inOrderTraversal(root)
if root = NIL
return

inOrderTraversal(root.left)
print root.value
inOrderTraversal(root.right)
```
So, these were the easier ones. With a little effort one can understand these. I will now discuss, some of the harder ones.

Successor and Predecessor: A successor of a node is a node which comes the next if we sort the tree in increasing order. A predecessor of a node is the node that comes immediately before it, if we sort the tree in increasing order. That is it. In a tree containing values `1 3 5 6 7 9`, the successor and predecessor of `5` are `6` and `3`, respectively.

To  find successor of a node we need to find immediate larger node. So, here is the algorithm:
1. The right subtree of the node will contain the values larger than the node. (right?) If we find the lowest node in right subtree we will have the immediate larger node, and we get our successor.
2. What if the node does not have a right subtree? We will have to go up in the tree somewhere. See the image below.
1. If the node is left child, the parent will the immediate next.
2. If the node is right child, we need to keep moving up until we get a node whose left child is one of the node's parents.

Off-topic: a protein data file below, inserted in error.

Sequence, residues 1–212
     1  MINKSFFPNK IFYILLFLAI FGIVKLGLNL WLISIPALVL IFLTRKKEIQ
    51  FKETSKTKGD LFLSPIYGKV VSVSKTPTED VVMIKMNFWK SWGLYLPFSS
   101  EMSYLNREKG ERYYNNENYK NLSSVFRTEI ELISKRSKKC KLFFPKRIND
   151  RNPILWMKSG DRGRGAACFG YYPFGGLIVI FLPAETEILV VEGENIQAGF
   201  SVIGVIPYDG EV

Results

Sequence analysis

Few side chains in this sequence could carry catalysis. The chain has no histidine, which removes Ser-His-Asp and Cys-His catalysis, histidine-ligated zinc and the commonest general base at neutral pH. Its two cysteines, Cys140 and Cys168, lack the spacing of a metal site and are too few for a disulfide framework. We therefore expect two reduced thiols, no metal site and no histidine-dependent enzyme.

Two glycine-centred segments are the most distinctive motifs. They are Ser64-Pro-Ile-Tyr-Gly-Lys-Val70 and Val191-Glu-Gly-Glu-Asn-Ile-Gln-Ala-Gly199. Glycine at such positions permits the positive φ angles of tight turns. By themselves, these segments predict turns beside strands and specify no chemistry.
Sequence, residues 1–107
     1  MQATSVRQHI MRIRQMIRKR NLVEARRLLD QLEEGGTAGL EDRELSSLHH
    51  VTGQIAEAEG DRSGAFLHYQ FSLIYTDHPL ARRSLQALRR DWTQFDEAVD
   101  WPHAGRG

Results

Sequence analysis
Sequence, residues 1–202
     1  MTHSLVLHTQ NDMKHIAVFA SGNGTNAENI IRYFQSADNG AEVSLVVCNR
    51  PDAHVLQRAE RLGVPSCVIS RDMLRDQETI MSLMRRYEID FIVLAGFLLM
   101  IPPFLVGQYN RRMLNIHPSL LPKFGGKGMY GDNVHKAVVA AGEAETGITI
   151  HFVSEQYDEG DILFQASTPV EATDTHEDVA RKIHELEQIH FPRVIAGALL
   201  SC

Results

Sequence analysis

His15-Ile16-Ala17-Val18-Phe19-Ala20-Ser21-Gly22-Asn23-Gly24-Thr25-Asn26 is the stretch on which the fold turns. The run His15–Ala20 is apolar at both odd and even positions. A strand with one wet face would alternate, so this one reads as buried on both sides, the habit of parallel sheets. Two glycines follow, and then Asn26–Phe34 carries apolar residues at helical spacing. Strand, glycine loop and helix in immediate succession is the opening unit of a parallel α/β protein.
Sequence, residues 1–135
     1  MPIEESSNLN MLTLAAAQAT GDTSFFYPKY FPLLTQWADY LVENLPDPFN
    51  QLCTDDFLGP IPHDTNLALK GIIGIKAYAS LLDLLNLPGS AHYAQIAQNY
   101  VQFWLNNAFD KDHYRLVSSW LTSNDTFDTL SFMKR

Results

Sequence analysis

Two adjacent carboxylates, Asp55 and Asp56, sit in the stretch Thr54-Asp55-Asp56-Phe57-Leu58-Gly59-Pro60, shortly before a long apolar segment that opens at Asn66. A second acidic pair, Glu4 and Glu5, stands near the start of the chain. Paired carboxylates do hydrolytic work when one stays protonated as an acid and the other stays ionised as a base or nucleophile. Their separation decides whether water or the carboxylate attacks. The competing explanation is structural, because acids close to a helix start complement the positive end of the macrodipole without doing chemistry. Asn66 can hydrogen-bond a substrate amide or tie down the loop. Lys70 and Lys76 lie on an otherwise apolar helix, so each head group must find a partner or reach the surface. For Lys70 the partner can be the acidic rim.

Once you get the idea behind the successor, predecessor is easy.
1. Predecessor is highest in left subtree.
2. If there exists no left subtree, then:
1. If the node is right-child, immediate parent is the predecessor.
2. If the node is left child move up till you get a node whose right child is one of the node's parents.

Deletion: You must be wondering why I am covering `delete` so late? That's because it's so damn hard without understanding the concepts above. So, here is the algorithm to delete a node:
1. If the node had no child, well just knock it off.
2. If it has one child, yank the node and connect the child to the node's parent.
3. If it has two children, then we need to get a replacement for this node. What would be a good replacement? A good replacement is the one that on replacement, maintains the BST property. (At this moment I want you to pause, and think if you have to replace this node who could be the best candidate?) You can choose either the successor or the predecessor. The common practice is too use successor (further discussion assumes we replaced with successor). And then delete the successor from the subtree.